Wartime Legal Battles: Korean Verdicts Echo Across Borders


South Korea's Supreme Court upholds a ruling against Nippon Steel, compelling the Japanese company to compensate wartime laborers, reports Japan Times. The decision, finalizing the damages lawsuit, intensifies the historical dispute, challenging Japan's 1965 agreement with South Korea. Japan protests the ruling, claiming a breach of the bilateral pact. The legal landscape reveals a broader trend, with similar cases and seizure requests against Japanese companies. The ongoing saga underscores the complexity of reconciling wartime legacies and national narratives.


In a pivotal verdict, South Korea's Supreme Court dismissed Nippon Steel's appeal, solidifying a lower court's ruling for compensation to South Korean victims of wartime labor at a Japanese plant. The lawsuit, representing individuals, including families of those forced to work during World War II, echoes a broader historical contention between South Korea and Japan.

The Japanese government argues that the matter of wartime labor was settled in the 1965 Japan-South Korea agreement on property and claims. However, the recent decision challenges this stance, emphasizing unresolved grievances.

The statute of limitations for wartime labor damages lawsuits was reaffirmed by the top court, dating back to October 2018. This aligns with the first Supreme Court ruling recognizing Japanese corporate liability for compensation, which ordered Nippon Steel to pay in 2018. December 2023 saw a similar trend, with the top court finalizing verdicts against Japanese companies in five other wartime labor damages lawsuits.

Nippon Steel expressed deep regret over the ruling, citing its conflict with the 1965 agreement. Japanese Chief Cabinet Secretary Yoshimasa Hayashi denounced the decision, terming it a "clear violation" and lodged a protest with South Korea.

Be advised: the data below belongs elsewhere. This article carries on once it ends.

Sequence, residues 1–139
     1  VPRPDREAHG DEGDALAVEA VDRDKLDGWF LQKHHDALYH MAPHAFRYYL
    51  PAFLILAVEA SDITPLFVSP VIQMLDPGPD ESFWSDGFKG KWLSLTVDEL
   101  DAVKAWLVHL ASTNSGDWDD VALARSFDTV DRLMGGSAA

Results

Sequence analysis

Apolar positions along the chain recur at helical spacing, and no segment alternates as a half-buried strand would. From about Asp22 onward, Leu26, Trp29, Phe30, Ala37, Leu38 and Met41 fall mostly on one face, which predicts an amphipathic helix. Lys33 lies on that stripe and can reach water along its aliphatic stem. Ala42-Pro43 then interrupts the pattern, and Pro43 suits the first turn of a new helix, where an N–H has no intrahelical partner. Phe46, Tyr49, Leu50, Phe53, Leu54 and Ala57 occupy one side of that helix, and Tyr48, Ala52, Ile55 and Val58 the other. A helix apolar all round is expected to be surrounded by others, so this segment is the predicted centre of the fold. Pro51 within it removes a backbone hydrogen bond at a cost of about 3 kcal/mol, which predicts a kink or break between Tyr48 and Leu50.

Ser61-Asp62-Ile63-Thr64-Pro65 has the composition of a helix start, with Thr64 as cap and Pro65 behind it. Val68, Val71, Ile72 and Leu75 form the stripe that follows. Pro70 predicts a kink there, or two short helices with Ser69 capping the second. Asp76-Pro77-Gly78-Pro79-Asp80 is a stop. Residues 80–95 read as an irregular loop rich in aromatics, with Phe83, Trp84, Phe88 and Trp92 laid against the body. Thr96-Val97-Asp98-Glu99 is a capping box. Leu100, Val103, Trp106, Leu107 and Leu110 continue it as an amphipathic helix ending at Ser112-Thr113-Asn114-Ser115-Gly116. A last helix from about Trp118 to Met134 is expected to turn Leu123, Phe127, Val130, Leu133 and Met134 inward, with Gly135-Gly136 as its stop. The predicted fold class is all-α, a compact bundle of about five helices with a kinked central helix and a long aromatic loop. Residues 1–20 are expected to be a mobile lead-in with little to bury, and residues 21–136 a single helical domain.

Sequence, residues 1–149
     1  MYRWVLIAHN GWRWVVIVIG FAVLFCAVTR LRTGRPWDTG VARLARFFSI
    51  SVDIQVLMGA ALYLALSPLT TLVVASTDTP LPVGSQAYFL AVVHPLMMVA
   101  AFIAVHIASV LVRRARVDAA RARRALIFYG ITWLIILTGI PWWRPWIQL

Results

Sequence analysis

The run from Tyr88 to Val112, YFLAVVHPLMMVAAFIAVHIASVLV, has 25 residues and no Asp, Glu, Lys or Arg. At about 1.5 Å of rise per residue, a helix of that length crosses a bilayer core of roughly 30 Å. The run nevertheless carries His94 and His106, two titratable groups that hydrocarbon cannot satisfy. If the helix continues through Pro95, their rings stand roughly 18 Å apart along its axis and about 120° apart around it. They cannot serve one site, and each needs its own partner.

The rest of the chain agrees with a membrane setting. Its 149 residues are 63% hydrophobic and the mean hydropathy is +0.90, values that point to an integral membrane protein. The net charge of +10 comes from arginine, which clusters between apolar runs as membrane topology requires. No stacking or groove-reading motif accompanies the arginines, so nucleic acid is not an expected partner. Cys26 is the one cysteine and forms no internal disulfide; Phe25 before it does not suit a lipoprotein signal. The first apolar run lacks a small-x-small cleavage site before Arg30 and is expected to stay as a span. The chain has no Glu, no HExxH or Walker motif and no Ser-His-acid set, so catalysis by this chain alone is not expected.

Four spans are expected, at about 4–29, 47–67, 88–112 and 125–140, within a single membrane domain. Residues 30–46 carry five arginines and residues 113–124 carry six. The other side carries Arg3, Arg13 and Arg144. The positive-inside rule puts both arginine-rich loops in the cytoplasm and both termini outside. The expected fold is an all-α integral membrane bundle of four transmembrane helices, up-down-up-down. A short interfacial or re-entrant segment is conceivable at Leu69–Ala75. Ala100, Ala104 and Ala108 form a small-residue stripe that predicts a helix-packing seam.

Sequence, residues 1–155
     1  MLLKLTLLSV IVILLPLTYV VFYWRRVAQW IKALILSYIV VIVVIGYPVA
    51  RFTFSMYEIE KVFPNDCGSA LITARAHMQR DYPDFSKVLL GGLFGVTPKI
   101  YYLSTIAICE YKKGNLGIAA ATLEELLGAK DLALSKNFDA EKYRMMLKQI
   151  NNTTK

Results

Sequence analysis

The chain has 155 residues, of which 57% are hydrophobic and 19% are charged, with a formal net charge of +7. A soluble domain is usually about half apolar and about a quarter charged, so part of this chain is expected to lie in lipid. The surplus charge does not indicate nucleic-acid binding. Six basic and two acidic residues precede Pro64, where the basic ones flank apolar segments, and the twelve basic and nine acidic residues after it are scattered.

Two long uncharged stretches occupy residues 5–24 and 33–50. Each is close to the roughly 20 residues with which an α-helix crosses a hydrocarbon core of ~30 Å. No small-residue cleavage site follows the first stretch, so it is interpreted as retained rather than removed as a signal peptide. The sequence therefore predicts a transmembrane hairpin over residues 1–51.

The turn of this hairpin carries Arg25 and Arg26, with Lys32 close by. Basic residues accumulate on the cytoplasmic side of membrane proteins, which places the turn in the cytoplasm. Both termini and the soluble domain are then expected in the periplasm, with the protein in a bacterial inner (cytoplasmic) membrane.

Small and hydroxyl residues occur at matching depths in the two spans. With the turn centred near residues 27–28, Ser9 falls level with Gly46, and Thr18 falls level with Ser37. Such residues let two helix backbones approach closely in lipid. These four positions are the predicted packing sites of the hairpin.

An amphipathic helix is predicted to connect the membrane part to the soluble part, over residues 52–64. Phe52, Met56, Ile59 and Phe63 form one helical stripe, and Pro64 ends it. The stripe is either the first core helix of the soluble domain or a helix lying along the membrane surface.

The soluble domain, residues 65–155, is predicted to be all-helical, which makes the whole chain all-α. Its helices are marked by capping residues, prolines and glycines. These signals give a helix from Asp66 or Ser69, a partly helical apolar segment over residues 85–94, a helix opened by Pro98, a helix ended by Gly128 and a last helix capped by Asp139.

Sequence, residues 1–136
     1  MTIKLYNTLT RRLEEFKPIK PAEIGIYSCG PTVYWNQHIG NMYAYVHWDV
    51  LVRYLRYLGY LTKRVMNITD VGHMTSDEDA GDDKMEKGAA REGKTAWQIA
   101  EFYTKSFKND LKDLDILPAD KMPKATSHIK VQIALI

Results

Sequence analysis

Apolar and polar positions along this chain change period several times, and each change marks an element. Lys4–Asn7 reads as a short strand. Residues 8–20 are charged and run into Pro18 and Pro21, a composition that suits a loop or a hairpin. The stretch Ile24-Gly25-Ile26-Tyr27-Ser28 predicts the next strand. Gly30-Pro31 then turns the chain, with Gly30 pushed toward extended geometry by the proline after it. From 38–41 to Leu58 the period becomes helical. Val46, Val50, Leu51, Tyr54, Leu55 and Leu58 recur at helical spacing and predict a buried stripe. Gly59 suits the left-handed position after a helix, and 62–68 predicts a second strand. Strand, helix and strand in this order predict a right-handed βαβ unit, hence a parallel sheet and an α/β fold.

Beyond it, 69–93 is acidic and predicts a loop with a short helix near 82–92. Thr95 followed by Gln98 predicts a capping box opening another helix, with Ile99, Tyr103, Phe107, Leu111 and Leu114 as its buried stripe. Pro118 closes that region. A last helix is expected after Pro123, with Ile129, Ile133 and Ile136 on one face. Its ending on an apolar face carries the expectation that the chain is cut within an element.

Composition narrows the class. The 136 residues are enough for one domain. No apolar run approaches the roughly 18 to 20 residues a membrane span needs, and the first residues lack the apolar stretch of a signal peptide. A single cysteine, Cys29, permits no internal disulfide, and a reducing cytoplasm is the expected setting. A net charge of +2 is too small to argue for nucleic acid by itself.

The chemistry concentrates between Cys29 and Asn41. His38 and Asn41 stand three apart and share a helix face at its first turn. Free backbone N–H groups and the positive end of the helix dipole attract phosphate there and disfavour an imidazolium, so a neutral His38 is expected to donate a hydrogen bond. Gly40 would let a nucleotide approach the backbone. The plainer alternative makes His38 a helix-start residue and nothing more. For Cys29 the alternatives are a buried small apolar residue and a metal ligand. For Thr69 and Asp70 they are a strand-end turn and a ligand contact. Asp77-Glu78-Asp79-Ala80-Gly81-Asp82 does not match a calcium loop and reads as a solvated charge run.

Simultaneously, a separate damages lawsuit against Hitachi Zosen Corp. witnessed a final compensation order on December 28, 2023. The plaintiff side sought approval for the seizure of funds deposited by the Japanese company to prevent asset confiscation. This development hints at a potential legal strategy to secure compensation.

Despite the rulings, no Japanese company has paid or agreed to pay compensation in these wartime labor cases, maintaining a longstanding impasse.


The upheld ruling against Nippon Steel deepens the historical wounds between South Korea and Japan, challenging diplomatic agreements. As legal battles intensify, the complex interplay of national narratives and unresolved wartime legacies comes to the forefront. Japan's strong protest underscores the sensitivity of these issues, signaling prolonged tensions in the quest for acknowledgment and restitution.

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